Comcast and NBC Universal have agreed to pages worth of voluntary public interest conditions on their proposed joint venture. And the FCC is preparing to impose those conditions, and more, in a lengthy addendum to its draft approval, covering online and on-air program access, network neutrality and other issues.
While still not enough to assuage critics, the conditions indicate the “feeding frenzy” surrounding media mergers, and could be the new price of entry in an era where mergers are involving an increasing number of business lines.
The pledges will cost Comcast millions—from venture capital funds for minority ownership, to development dollars for independent programmers, to investments in broadband deployment and independent and local programming.
But Comcast is not balking at the expense, or at the laundry list of conditions—which may offer a clue as to why opponents of the deal are far from satisfied.
According to a source familiar with the document, the FCC’s list of conditions on the draft tentatively approving the Comcast/NBCU deal runs to more than 25 pages. By contrast, the conditions of Comcast’s purchase of Adelphia cable systems in July 2006 ran about five pages, the same number as in the first big cable combo affecting online access, AOL/Time Warner.
Why so thick a sheaf? For one thing, Comcast and NBCU volunteered a raft of public interest conditions at the outset to help pave the way for the deal, which combines the nation’s largest cable operator with a studio library and broadcast and cable networks. Comcast/NBCU sweetened the pot even more with side deals with minority groups and TV station affiliates, along with voluntary conditions toward the end of the process that targeted the FCC’s broadband-deployment and community media sweet spots.
With the caveat that he had not seen any of the conditions, a veteran Washington cable attorney agreed that one reason for the number of conditions was the abundance of different business lines involved, including broadcast affiliates, MVPD and online competitors, unaffiliated program networks, regional sports networks and telcos. “The previous mergers had opponents,” the attorney says, “but not as many lines of business.”
Rebecca Arbogast, a managing director at investment firm Stifel Nicolaus, said the laundry list of conditions was to be expected, but added she has believed for a while that most of them “would not be material” to the operator. Comcast has suggested that nothing in the draft was a deal-breaker, which would include the conditions on online access and network neutrality, at least as originally drafted. Comcast has already said it would abide by net neutrality conditions even if they were thrown out by the courts.
“Anytime there is a major, controversial merger, it attracts lots of calls for ‘public interest’ conditions,” says Arbogast. “This merger had a broad canvas to paint these on, because it has both broadband and media components.”
But broad canvas or no, deal critics like Free Press say the FCC conditions, at least as advertised in press accounts including by B&C, have failed to go beyond preserving a status quo it thinks has problems already.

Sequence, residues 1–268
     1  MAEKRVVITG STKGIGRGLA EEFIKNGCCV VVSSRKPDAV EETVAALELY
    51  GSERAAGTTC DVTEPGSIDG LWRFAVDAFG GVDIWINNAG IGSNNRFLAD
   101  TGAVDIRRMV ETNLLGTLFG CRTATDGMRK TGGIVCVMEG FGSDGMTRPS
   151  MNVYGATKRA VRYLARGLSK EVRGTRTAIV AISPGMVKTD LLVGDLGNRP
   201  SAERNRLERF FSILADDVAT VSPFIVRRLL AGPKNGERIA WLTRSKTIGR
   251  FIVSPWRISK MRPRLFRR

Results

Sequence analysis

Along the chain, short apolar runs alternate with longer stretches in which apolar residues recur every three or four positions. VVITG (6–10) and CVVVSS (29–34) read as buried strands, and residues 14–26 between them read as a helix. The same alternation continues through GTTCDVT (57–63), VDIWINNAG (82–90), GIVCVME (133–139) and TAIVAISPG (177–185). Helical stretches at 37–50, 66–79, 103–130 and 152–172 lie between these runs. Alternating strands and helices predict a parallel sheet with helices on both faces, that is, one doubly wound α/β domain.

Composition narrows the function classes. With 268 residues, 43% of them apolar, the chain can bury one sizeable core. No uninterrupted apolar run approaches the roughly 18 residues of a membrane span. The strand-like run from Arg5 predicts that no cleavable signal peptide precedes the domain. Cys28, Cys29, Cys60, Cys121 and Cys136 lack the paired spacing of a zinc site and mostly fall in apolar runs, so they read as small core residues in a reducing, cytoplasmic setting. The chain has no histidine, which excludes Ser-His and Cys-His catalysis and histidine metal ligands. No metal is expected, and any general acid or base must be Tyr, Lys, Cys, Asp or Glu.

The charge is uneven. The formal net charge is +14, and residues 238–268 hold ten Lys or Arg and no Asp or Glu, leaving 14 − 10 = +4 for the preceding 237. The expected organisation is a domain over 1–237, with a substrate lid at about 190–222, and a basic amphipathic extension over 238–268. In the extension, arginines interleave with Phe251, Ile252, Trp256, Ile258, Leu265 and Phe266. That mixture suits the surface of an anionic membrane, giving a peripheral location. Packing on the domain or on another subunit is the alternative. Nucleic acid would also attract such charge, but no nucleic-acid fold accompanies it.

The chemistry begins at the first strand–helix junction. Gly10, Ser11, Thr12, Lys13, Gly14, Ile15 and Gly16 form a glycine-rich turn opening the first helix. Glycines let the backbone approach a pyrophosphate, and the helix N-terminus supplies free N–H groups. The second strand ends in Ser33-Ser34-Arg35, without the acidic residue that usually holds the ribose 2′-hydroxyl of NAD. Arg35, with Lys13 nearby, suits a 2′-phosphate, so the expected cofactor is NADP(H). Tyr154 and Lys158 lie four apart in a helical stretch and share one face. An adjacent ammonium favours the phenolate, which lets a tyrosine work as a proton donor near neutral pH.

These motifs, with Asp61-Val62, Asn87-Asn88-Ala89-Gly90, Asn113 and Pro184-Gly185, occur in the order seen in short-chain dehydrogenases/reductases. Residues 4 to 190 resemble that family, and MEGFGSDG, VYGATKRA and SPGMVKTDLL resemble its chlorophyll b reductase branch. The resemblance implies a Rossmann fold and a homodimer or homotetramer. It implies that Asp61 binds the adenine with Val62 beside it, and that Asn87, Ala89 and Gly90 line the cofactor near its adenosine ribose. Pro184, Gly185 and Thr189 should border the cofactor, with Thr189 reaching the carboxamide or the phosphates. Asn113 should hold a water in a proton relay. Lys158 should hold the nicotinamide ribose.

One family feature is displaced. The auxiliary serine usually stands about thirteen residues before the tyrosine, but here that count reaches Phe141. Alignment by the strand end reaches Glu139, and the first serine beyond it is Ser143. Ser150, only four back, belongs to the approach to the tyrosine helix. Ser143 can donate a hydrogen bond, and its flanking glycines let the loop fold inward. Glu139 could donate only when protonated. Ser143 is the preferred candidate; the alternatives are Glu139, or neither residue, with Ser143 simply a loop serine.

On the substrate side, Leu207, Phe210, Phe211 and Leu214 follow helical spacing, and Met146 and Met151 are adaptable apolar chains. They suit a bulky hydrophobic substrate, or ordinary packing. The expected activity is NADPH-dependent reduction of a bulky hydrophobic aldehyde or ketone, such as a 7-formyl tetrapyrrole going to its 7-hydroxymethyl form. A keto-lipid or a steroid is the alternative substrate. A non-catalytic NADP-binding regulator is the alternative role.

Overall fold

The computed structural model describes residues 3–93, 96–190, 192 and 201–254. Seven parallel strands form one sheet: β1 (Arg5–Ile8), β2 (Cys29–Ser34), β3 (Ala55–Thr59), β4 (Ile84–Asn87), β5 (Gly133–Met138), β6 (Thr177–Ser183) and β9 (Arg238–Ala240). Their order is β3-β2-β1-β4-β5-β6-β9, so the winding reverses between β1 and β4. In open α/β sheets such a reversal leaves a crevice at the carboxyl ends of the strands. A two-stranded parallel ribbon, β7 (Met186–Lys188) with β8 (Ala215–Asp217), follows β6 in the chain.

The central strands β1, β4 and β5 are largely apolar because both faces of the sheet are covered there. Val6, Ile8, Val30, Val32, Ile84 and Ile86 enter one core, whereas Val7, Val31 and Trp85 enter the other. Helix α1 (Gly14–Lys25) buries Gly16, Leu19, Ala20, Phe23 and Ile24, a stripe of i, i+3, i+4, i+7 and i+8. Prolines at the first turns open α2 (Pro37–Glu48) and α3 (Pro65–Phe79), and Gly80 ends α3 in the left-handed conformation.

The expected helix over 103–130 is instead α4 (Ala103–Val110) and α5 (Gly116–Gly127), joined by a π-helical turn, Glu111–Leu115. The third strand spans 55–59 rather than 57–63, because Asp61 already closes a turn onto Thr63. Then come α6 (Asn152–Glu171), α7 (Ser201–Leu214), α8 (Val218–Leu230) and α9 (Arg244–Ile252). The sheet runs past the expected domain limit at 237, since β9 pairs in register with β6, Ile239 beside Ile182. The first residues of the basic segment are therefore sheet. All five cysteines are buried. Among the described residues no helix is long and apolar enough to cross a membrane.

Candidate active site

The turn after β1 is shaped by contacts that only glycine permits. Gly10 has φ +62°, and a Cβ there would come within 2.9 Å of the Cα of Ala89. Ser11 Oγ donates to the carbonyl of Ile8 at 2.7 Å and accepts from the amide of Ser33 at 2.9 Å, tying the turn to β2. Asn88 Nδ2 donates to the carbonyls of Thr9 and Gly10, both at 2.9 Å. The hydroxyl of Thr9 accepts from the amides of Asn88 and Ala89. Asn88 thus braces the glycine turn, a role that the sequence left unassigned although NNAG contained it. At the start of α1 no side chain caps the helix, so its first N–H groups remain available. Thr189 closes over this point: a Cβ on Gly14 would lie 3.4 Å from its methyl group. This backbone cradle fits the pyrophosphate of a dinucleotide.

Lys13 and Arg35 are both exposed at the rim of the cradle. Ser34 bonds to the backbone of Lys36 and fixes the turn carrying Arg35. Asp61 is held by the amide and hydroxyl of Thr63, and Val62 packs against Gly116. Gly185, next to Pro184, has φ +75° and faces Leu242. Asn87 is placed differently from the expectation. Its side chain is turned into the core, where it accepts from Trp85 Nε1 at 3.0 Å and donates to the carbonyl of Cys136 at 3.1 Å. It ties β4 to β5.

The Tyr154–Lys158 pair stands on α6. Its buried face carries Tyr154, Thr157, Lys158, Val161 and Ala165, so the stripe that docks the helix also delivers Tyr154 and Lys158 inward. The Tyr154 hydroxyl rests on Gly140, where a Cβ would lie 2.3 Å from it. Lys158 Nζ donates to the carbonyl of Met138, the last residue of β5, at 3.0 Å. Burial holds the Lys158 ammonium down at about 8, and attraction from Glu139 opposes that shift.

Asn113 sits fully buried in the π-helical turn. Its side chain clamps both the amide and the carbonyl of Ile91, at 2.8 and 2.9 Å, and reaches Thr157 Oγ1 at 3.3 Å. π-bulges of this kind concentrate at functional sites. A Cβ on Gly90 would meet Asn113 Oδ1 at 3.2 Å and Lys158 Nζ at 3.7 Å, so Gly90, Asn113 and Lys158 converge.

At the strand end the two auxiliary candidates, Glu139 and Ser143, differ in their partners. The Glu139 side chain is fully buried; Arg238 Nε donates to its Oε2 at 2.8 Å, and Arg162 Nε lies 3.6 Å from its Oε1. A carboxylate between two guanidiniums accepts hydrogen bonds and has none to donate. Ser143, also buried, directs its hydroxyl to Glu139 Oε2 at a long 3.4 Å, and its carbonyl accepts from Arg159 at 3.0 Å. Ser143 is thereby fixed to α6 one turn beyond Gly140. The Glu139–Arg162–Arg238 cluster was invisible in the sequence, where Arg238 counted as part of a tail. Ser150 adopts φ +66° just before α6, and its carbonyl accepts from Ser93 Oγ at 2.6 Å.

Corie Wright, Free Press policy counsel, says it is important not to confuse quantity with quality. “The voluntary commitments are in some ways nice gestures,” Wright says. “But it is not clear they are sufficient to remedy a lot of problems. I wouldn’t say they are bad, but the question is, do they really move the ball down the field?” With the caveat that the FCC draft is not yet public, Wright argues they don’t. For example?
“Comcast’s proposal to increase local programming on NBC stations by 1,000 hours does not include Telemundo,” Wright says. According to FCC sources, that has been changed in the draft order, with 1,000 hours for the Spanish-language stations as well. Wright says there needs to be a specific definition of local programming, and that it is not clear how meaningful and enforceable the Comcast voluntary conditions are.
How long each of the conditions remains in effect is another devil in the details, Wright adds. While deal conditions generally run for seven years, Comcast will be able to petition to lift the conditions if it can make a case they are not needed, according to sources inside and outside the FCC.
Andrew Schwartzman of Media Access Project says no matter how conditions are imposed, it will not be sufficient. “That said, we certainly think that what we’ve been hearing about needs to be beefed up.”
If there is any beefing up to do, it will stem from the current vetting the FCC draft was getting last week from commission staffers. A vote is expected no earlier than this week.
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Contributing editor John Eggerton has been an editor and/or writer on media regulation, legislation and policy for over four decades, including covering the FCC, FTC, Congress, the major media trade associations, and the federal courts. In addition to Multichannel News and Broadcasting + Cable, his work has appeared in Radio World, TV Technology, TV Fax, This Week in Consumer Electronics, Variety and the Encyclopedia Britannica.